A wish, a video clip, a story . . . and a few weeks off.
Best wishes to all of the teachers who read this; you deserve a relaxing and rejuvenating respite! Besides, it’s your responsibility to add fodder to the fusillades all teachers are assailed with, “Oh, so you’re a teacher – two weeks off at Christmas. Sure wish I got two weeks off at Christmas.” Well, those who complain must suffer a lifetime without the joys of the classroom, the opportunity to enter a building every day that is filled with the vibrations of interest, inquiry, energy, and enthusiasm. Teachers are often challenged with seemingly insurmountable odds but most teachers persevere and meet the challenges as opportunities and unlike the old saw – opportunity knocks continuously.
My visits to two of our local middle schools has shown that most teachers are not charged with batteries a la the Energizer bunny. Teachers’ batteries do run down. I hope that all of you are able to get back up to full charge.
A video clip
Thanks to Chuck Lange for the soundtrack . . . and I meant Giller Prize for The Bishop’s Man.
Here’s a little story I wrote about a memorable Christmas from my childhood. Enjoy.
All I Got For Christmas . . .
As a kid, Christmas was the big one. There were other things that I looked forward to – the anticipation and then delight on the Sunday nights when they chose Adventureland on the wonderful World of Disney, when my mom made toast soldiers (toast with the side crusts cut off and the bottom half painted with raspberry jam, legs cut and all), what the Easter Bunny would put in the cowboy hat that I would slide under my bed the night before, and, of course, the Easter egg hunt which followed downstairs. But nothing compared with Christmas.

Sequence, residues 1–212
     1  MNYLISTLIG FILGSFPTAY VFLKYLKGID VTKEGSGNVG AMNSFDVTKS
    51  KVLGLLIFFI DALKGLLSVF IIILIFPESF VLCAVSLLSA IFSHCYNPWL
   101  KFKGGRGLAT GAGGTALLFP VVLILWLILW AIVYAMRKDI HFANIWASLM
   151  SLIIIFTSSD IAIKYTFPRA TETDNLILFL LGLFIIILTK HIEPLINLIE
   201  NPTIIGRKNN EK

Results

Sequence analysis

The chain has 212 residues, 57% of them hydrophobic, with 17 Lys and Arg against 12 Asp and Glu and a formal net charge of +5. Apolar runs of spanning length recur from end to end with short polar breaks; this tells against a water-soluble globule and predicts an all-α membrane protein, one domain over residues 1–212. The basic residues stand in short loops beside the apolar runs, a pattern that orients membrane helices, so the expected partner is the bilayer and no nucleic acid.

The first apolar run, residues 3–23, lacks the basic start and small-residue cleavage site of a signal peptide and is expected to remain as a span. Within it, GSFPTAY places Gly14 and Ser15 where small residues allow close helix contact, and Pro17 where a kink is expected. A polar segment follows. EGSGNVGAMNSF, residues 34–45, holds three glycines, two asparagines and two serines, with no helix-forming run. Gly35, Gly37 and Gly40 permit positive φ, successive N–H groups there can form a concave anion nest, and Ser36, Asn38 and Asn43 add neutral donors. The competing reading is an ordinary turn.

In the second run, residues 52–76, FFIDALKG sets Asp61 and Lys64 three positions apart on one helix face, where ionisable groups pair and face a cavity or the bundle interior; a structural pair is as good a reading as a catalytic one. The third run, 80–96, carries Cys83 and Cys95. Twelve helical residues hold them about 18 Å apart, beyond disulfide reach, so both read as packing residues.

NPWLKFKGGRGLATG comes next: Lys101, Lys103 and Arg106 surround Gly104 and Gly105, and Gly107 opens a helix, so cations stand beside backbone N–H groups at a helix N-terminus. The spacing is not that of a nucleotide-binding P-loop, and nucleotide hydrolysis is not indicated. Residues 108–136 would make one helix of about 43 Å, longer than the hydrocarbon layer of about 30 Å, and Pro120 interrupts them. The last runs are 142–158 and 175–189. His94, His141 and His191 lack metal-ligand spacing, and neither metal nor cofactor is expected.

One Christmas in particular stands out in my memory – not clearly enough that all the details remain, but the essence of it will never be forgotten. I was about seven. Christmas morning had gone pretty much as all the others had. Our stockings had contained significant little treasures as well as the traditional Mandarin orange and nickel in the toe, the grandparents’ gifts had been opened first from those under the tree, then the others, and finally the biggie – the one from Mom and Dad.
When I opened it, I was shocked and amazed. This was it? Just one six-gun with imitation pearl handles (actually white plastic with a black, raised Texas longhorn’s head). The gun opened at the top. It was too big for my hand and was hard to twirl.
I don’t remember what Rob, two years older, had received or what Laura, four years younger, had been blessed with, but I felt cheated. How could they do this to me? Sure, it was a nice gun, but this was it? I’d been good, really good lately. And all I got was a gun.
Then the guilt began to set in. How could I be so ungrateful, so selfish, so self-centered? Didn’t I have a wonderful life, good food to eat, warm clothes to wear, a nice house, and so much more than those poor children in Africa.
I looked at my dad, sitting in the big, dad’s chair. He was drinking his usual frothy eggnog that Mom made for him every morning all year round.
“Do you like your gun, laddie?”
“It’s great, Dad. And it opens up and you can see where the bullets should go. It’s a bit too big to twirl but I’ll grow into it.”
“Well, I’m glad you like it. We weren’t sure what to get you this year. Say, would you mind going downstairs and getting another log or two for the fireplace?”
Of course, when I got down to our unfinished basement, the brand new bike was sitting out in the middle of the floor with a bow and card with my name on it. It was easily the best present I’d ever received. It was a Raleigh, three speed, with hand brakes. It was blue and white with chrome, and I felt awful. How could I have thought all those things?
Soon, the thrill of the bike overcame the other feelings which, for the time, were set aside. It’s been a long time since that Christmas, and my children are now older than I was then. I remember that day with its mixture of emotions. Every Christmas since has been wonderful in its own way. I guess that Christmas was wonderful too; I had received a better gift than the gift itself.